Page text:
Professional and amateur astronomers will have their eyes on the skies this weekend, watching for the annual Orionids meteor show as our planet passes through the tail of Halley’s Comet. The annual show lasts around a week and reaches its peak this weekend, when the Earth and Moon pass through the cone of debris left by Halley’s …
How is 1:2000 calculated?
If there's a 1:2000 chance the German spacejunk will hit someone, is there a 1:2000 x c.7,000,000,000 probability it will hit a particular person? Does that equate to a one in fourteen trillion risk?
I'll stick to the lottery (not)
They know roughly where it'll land (within a few degrees of latitude, but limited idea of longitude, just due to it's orbit), what proportion of that area is land and what the population of that area of land is. So your chances of being hit are actually variable on where you are on the planet. In Blighty for example, there is zero chance.
Unless it takes a big fluke ricochet off a 747 on the way down or something...
I doubt it would so much ricochet off a 747 as go straight through it and out the other side. ;-)
1 in 2000?
So equally, 1 person in my small local town is at risk, 8 in the next largest town, 25 in our local important town, not to mention *hundreds* in Paris, London, Tokyo, Berlin...
Where's it planned to come down, anyways?
Nop, it means that if that sattelite comes down 2000 times, 1 of those times it will hit someone
Also a weather forcast then.
For cloud, thick black clouds as thats all we get in blighty when there is some interesting astronomical event happening...
Yup, it's a royal decree or somesuch.
Cloud, thick black clouds as that you always get in blighty :)
Mine is the one with the sunglasses in october...
Shouldn't there be a self-destruct mode so if nothing else it comes down in small bits. Don't particularly want a satelite landing on my head.
If you blow it up before it comes down, congratulations, you've just made a shitload of space debris.
If you try to blow it up on the way down, tough titties, you're out of radio contact.
A timer might work, I suppose, halfway through re-entry. But at those speeds, the sharp change in angle caused by an explosion could increase the possible impact area many hundreds of times.
Besides, anything that comes into the atmosphere without heat shielding will not exactly be intact by the time it hits the ground. Not satellites, broken shuttles, European supply pods, whales or potted plants. You'd have to be bloody unlucky to get hit.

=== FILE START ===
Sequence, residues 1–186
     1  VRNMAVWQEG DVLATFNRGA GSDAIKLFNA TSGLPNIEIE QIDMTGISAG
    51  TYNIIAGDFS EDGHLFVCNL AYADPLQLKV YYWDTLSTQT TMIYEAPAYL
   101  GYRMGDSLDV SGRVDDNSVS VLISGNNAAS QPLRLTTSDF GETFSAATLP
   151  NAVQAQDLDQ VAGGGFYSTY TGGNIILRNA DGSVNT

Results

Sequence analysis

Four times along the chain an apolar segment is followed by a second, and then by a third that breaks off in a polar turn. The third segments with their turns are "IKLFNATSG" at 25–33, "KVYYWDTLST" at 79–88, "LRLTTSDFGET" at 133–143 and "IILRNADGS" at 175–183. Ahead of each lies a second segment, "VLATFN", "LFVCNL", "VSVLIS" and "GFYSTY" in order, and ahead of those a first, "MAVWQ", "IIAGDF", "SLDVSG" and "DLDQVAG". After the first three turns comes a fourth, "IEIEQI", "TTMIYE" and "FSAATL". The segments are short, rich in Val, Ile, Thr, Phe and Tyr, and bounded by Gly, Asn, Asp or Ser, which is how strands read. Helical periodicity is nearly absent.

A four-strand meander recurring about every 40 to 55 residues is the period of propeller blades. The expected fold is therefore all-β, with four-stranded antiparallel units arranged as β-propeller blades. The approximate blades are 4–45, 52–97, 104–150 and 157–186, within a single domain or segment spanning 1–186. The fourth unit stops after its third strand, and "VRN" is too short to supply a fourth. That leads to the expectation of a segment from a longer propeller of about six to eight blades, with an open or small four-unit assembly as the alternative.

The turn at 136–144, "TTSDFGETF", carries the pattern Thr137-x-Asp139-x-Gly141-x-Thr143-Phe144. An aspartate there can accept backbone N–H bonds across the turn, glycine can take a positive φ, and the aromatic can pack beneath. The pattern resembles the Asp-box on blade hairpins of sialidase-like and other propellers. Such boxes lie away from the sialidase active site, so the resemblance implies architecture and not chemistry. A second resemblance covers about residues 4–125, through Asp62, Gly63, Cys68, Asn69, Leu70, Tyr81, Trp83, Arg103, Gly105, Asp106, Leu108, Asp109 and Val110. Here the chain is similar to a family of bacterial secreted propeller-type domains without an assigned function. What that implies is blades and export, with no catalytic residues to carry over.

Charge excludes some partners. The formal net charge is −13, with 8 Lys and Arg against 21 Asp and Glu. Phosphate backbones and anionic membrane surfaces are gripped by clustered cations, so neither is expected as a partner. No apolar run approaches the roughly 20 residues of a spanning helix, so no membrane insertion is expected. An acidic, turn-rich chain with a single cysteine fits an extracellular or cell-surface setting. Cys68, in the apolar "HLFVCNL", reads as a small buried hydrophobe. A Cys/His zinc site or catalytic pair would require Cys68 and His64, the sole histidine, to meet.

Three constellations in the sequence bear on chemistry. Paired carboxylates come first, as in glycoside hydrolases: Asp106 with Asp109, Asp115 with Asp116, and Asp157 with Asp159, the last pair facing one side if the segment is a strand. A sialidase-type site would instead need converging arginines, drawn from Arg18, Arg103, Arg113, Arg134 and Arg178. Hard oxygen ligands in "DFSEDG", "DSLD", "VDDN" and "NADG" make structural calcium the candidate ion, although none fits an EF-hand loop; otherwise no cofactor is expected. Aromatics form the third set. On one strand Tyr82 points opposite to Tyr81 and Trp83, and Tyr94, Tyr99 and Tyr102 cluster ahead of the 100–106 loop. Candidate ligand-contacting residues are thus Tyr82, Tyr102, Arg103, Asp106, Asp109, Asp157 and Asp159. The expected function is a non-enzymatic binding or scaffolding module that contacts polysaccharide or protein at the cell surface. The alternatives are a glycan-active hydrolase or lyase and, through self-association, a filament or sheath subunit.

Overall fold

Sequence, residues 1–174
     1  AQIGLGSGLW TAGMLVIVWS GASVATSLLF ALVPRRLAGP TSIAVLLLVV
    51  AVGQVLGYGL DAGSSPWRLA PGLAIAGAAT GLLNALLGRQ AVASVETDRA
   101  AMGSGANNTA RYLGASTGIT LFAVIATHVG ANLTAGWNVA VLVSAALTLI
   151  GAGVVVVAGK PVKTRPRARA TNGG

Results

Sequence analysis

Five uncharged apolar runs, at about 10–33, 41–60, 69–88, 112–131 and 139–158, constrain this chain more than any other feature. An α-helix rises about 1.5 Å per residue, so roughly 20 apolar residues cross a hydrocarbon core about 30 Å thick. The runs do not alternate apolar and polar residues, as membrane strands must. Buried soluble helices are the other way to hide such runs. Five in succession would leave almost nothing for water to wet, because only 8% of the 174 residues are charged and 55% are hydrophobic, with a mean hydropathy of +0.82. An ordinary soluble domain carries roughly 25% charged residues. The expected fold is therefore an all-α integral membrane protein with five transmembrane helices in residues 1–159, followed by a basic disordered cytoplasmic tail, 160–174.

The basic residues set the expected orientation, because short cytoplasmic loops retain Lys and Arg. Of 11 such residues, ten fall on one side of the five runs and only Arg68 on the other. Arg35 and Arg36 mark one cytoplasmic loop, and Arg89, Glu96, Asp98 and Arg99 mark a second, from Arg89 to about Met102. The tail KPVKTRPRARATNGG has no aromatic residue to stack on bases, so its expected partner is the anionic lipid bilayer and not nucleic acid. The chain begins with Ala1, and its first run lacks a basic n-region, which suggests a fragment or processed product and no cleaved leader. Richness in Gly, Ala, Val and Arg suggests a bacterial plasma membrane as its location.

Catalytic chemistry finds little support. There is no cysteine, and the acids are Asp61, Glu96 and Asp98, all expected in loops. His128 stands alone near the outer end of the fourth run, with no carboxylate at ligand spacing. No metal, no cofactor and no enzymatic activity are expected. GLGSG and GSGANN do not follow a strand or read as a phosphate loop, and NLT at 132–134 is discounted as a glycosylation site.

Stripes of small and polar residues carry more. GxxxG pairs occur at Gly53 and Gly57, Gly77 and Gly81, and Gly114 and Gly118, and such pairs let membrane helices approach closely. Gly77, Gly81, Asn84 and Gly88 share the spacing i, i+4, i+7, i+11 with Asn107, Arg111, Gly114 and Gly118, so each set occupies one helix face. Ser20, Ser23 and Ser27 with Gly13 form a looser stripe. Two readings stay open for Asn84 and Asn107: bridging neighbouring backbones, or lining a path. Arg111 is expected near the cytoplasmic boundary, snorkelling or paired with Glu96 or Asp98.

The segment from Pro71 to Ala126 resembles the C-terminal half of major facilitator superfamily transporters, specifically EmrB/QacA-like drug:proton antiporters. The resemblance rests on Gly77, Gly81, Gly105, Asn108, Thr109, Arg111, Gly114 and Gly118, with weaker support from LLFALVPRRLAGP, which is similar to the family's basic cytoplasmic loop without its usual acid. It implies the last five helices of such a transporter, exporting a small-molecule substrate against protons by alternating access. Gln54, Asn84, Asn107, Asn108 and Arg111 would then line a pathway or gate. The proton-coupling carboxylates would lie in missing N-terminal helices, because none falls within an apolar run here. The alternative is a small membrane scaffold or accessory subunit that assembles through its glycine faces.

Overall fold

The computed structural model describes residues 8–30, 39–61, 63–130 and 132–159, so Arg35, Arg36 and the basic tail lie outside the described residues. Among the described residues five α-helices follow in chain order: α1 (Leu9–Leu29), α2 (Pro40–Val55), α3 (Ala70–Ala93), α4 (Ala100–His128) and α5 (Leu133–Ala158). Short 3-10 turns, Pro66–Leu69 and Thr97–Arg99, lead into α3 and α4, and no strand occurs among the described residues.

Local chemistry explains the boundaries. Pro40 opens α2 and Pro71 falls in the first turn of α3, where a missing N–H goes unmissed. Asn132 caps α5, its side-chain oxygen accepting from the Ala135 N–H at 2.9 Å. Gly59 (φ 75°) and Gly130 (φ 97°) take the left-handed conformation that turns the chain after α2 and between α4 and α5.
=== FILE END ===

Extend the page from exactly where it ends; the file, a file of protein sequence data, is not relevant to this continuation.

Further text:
I'm no expert on this, but I understand there's already tons of space debris up there already.
And I had to laugh at your comment about whales coming down from space. It would save barbequing it after it came through the stratosphere. I wonder (prior to coming back to earth) it thought, I can hardly breath - oh hang on, I've got a little hole above my head - that will help.
The main thing that is likely to survive re-entry intact is the primary mirror assembly. Weighs in at about a ton, and is unlikely to be destroyed. Also its too massive for any reasonable demolition charge to break up (demo charges are heavy, and satellites are mass-constrained).
"I'm no expert on this, but I understand there's already tons of space debris up there already."
Exactly - we don't want to make it worse! The Chinese blew up a satellite a while back and tracking stations all over the world are still following bits of it.
I'm sure that a combination of an accelerometer and a heat or ionization detector could trigger self-destruct of a satellite only after its re-entry. Making that fail-safe (in other words, reducing the odds of a premature explosion to the infinitessimal) is surely no harder than making a reliable satellite and its (potentially explosive) launcher in the first place. Although you would need some interesting studies to make sure that multi-year exposure to space and space radiation didn't degrade the explosive into instability (studies that I'd wager have already been done by the military, and the results filed "secret" or above).
The problem is economics. This plan would make the satellite quite a few kilogrammes heavier (the weight of a sufficient quantity of explosive). This would increase the launch cost very considerably and/or reduce the available mass for the useful payload. Better to rely on favorable statistics, and pay out compensation to any very unlucky person (or their heirs), at least until death by falling satellite happens for the first time.
and to complete the reference
Whale: Oh! What is this thing coming at me??? I wonder if it will be my friend??
Potted Plant: Oh no, not again!
probably paraphrased, as it has been a bit since I read Doug Adams
Worlds Unluckiest man head for Pole to avoid satellite impact - gets eaten by penguin.
Ye Gods !.!
No job AND rocks falling on my head, please help
Ripped from the headlines
she was walking all alone
down the street in the alley
her name was sally
she never saw it
when she was hit by space junk
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